Saturday, June 13, 2015

Book Review/Essay: Rendez-vous With Art and the Rationalist Temperament

Rendez-vous With Art
Philippe de Montebello, Martin Gayford

A couple of men who really, really love Art go to museums and talk about what they see. Much dialogue ensues.

For me, Rendez-vous With Art is as much a sociological investigation as an artistic one. Now, I'm not a total philistine. I sometimes visit art museums voluntarily. I myself have committed acts of art, and even been paid for them. There are painters I admire greatly (Vermeer, Hopper) and painters I despise (Jackson Pollock, Roy Lichtenstein).

But I do not--I probably cannot--feel about art the way de Montebello and Gayford feel about Art.

I've never stood before a painting and felt ravished. I've never had the feeling that "this must be the best painting ever".

Perhaps this is another divide between the Romantic and the Enlightenment temperaments. For example, at one point, Philippe de Montebello says:
There are may things to enjoy and ravish the eye in the works of Caravaggio's finest followers, but the image that will remain engraved in your memory, the picture that has shaken you, changed you, and that you will not forget, will be by Caravaggio.
To which I immediately think: really? Have double-blind studies been done? If so, who was the control group, and what was the level of statistical significance achieved? And ... are you certain that that would be your reaction if you didn't know which picture was a genuine Caravaggio? 

I would be willing to bet a moderate amount of money that the answer to the last question is no, by the way. Many studies have shown that people, including wine experts, can't tell the difference in blind testing between cheap wines and expensive ones--but when you tell them a wine is more expensive (even if it's not!) they enjoy it more.

Here's another example. De Montebello looks at this Assyrian relief (which, by the way, I agree is marvelous):
(Image hosted at the Ancient History Encyclopedia)

His reaction:
The king is impassive, invincible ... The king has to be represented in a hieratic, predetermined and specific way ...
My reaction: drawing people in lifelike action poses is hard (I know by personal experience). I bet it's a lot harder when you're working stone with early-Iron-Age tools. Maybe the king looks stiff because the artist had hit the limits of his skill.

Perhaps these kinds of reactions are why I--like other engineers of my acquaintance--often prefer illustration to art. The distinction is artificial, and relatively recent, but I think it's a useful one. (I've done both.) Art, as it's currently understood, is an interior and subjective experience, and as such it's exceedingly vulnerable to group-think and critical faddism. Illustration is intended to give a clear, evocative picture. The ideal illustration is one that can be enjoyed by anyone, and will get a fairly consistent response across most viewers.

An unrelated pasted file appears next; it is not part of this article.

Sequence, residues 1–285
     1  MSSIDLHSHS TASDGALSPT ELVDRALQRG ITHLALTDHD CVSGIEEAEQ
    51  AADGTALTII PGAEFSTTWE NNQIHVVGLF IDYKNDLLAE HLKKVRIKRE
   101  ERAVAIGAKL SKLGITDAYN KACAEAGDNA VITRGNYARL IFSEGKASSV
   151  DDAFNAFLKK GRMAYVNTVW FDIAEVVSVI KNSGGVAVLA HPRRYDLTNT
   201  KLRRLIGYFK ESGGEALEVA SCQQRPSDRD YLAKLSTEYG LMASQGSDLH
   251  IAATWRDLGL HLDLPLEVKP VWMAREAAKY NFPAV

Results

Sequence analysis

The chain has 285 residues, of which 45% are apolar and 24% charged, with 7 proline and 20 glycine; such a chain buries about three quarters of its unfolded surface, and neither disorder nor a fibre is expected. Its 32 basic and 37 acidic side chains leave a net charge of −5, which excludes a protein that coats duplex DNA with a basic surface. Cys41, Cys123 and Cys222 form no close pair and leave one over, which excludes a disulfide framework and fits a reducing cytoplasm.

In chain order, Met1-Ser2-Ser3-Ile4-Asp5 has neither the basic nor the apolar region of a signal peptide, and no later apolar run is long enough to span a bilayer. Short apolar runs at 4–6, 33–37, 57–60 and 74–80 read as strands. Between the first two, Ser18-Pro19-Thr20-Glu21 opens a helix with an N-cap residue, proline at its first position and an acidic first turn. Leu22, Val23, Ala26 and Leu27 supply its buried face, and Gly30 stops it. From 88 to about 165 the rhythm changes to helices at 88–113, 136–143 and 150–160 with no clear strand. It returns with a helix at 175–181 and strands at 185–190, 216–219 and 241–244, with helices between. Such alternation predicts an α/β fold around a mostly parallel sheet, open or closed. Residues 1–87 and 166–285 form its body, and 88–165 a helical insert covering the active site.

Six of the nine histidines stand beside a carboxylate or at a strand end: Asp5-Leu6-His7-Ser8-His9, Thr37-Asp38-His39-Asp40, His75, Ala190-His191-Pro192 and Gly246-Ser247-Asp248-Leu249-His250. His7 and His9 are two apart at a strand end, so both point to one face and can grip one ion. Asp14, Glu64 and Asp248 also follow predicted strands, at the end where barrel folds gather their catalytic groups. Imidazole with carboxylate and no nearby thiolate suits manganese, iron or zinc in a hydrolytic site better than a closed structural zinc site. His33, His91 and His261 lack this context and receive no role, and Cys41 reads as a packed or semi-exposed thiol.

N. C. Wyeth, for example, was an illustrator, particularly beloved for his adventure book paintings. His wonderful pirate illustrations literally created the iconic "pirate look":

This is a terrific illustration. It's all surface--what you see is what it is--but what a wonderful surface it is!

His son Andrew Wyeth was an artist. His most famous painting is Christina's World:
(Image hosted by the Museum of Modern Art)

Christina's World is intended as art. It leaves everything to the imagination of the viewer. We're free to project ourselves into the picture and react individually.

Nowadays illustration is considered rather coarse and lowbrow; "fine" art gets all the respect. Perhaps I'm limited by my Enlightenment-oriented, engineering-trained mind, but I can't help thinking that this attitude sells the illustrators short. To show a thing clearly, and show it in a way that it's not only beautiful but becomes more real than the reality, is no small matter.


  1. I had a copy of Treasure Island with that Wyeth painting as the cover. It's my all-time favorite pirate drawing. I loved it the instant I saw it, at about age eight.
    As it happens I also grew up looking at "Christina's World", since my grandmother had a print of it in her living room. The painting never meant anything to me until I found out that Christina was Wyeth's neighbor and she had some sort of degenerative disease the meant she couldn't walk. Now I look at the painting and find it heartbreaking -- it's literally Christina's entire world; what she sees in that frame is all she will ever see.
    I needed context to understand the painting, but I got the drawing immediately. I didn't need to know exactly what a flintlock was, or what the Jolly Roger meant.

    1. If you get the chance, visit the Brandywine Museum. Tons of wonderful illustrations, including a lot of Howard Pyle.

      I think "Christina's World" effectively conveys a sense of longing and distance, but I totally agree that you want the context. Someone without that may sense the isolation, and put a different interpretation on it. Which is fine, because Art. But in my opinion, knowing is always better.